Regulatory changes

Earlier this year, HHS’ Office of Population Affairs published a Notice of proposed rulemaking in the Federal Register, declaring its intent to amend current Title X regulations to preclude project recipients from using criteria in their selection of subrecipients that are unrelated to the ability to deliver services to program beneficiaries in an effective manner (81 FR 61639, September 7, 2016). Approximately 91 percent of the 145,000 comments the agency received on the proposed regulations were in favor of the amendment.

In response to negative comments, the Final rule explained that there is no evidence that certain Title X funding recipients—Planned Parenthood, specifically—have engaged in Medicaid fraud, and pointed to research finding that every grant dollar spent on family planning saves an average of $7.09 in Medicaid-related expenditures. The Final rule similarly responded to commenters concerned that Title X service providers would use Title X funding to fund abortion by reiterating the statutory and regulatory requirements that prevent Title X funds from being used for abortions, and said that family planning services help prevent abortions by preventing unintended pregnancies.

Will the change last?

The Final rule was promulgated in accordance with notice-and-comment requirements under the federal Administrative Procedure Act, and its changes were announced months ago, which may prevent it from being considered a “Midnight Rule.” According to the New York Times, repealing these regulations would require either a new comment-and-notice rulemaking process, or a joint resolution of disapproval by the House and Senate, with concurrence by the new president. Both supporters and opponents of family planning services are preparing to fight for or against the regulations, while President-elect Trump, who has promised to repeal many of the Obama Administration’s regulatory actions, offered contradictory messages on Planned Parenthood and abortion during his presidential campaign.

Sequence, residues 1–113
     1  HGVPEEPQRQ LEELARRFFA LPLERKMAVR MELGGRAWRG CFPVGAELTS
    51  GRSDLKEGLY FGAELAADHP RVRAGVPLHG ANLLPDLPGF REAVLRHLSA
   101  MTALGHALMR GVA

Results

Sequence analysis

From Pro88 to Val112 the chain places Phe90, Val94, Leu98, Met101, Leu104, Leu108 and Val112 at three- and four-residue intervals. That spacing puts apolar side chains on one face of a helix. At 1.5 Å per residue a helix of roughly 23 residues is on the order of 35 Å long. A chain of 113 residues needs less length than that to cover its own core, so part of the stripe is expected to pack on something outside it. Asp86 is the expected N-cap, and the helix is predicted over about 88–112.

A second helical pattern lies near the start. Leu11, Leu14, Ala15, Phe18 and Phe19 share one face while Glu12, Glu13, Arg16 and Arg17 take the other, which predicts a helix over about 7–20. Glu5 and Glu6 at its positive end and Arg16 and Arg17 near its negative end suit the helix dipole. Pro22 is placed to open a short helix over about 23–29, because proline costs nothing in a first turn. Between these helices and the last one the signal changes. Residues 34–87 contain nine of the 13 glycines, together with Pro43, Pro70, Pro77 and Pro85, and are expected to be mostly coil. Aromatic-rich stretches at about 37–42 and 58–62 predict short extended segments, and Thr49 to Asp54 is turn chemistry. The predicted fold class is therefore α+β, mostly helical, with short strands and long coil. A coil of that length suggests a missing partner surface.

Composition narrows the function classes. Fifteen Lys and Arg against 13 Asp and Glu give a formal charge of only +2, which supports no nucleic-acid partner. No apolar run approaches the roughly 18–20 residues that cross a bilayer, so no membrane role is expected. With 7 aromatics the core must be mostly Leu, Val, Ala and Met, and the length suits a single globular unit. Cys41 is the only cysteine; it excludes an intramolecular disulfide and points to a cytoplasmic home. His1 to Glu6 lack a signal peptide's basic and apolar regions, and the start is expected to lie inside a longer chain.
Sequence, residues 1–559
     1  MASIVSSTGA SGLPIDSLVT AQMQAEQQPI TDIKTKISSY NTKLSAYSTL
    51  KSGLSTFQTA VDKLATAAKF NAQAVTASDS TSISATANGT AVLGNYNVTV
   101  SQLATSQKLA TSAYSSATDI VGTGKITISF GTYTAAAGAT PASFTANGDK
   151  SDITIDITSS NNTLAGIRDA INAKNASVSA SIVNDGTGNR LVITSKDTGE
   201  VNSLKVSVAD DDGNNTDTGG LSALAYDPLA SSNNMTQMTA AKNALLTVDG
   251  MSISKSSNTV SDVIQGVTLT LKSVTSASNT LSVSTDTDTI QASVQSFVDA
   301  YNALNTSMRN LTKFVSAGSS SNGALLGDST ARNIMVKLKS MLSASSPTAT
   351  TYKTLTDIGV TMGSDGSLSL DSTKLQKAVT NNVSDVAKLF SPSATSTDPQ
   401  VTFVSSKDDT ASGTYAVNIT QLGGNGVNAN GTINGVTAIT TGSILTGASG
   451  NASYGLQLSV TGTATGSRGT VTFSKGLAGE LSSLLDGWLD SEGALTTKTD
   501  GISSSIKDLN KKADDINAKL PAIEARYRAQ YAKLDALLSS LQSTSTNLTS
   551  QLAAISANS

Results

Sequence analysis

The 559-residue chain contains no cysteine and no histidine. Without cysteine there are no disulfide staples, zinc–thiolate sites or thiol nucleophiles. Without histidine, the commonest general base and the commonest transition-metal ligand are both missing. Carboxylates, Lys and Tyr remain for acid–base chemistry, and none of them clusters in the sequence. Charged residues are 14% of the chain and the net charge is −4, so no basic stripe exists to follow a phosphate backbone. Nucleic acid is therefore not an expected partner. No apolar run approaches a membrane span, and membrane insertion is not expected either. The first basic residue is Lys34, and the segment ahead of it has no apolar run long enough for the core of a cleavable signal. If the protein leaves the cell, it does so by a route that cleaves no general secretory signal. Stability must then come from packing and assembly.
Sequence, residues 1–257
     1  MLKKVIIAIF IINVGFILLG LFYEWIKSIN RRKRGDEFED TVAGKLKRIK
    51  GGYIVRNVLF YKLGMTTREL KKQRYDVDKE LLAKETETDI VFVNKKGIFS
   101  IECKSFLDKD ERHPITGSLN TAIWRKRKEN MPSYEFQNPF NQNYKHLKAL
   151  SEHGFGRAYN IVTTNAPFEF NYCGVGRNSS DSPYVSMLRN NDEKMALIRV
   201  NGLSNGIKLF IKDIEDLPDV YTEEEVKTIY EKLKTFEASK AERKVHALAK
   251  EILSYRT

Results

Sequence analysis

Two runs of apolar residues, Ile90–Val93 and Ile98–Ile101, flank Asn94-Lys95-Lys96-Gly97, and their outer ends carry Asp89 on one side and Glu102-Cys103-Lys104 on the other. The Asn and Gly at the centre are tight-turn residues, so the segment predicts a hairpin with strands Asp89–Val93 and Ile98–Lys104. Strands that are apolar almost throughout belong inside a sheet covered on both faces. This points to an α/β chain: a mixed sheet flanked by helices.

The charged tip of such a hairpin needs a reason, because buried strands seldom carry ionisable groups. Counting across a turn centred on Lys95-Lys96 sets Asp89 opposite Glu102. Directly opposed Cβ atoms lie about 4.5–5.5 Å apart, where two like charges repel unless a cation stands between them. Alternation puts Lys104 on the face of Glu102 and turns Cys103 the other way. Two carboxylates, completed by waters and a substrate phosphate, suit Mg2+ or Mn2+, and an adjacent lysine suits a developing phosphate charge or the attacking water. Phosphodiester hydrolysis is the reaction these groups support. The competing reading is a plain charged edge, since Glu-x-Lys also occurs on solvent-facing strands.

$2.3B awarded to fund HIV/AIDS care, medications in 2016

Cities, states, and community organizations have received a total of almost $2.3 billion in Ryan White HIV/AIDS program grants. The program is overseen by the Health Resources and Services Administration (HRSA), and serves over 50 percent of people diagnosed with HIV in the United States. The program retained over 80 percent of those who received care in 2014, and over 81 percent of program clients were virally suppressed. All organizations receiving grants are working toward the goals found in the National HIV/AIDS Strategy.


To further these efforts, Part A of the program awarded about $627 million to 24 metropolitan areas and 28 transitional grant areas. These areas have the highest number of residents with HIV/AIDS or have an increased number of cases. Part B of the program awarded about $1.3 billion to allow states and territories to provide core medical and support services, and for the AIDS Drug Assistance Program (ADAP). Part B also issued Emerging Community and Minority AIDS initiative grants.

Part C Early Intervention Services (EIS) awarded about $186 million to local organizations that provide core services to HIV patients. Part C Capacity Development grants were also awarded to about 48 organizations. Part D awarded $66.6 million in grants to 115 organizations to fund family-centered care. Part F awarded several grants to fund dental care, as well as technical assistance and clinical training.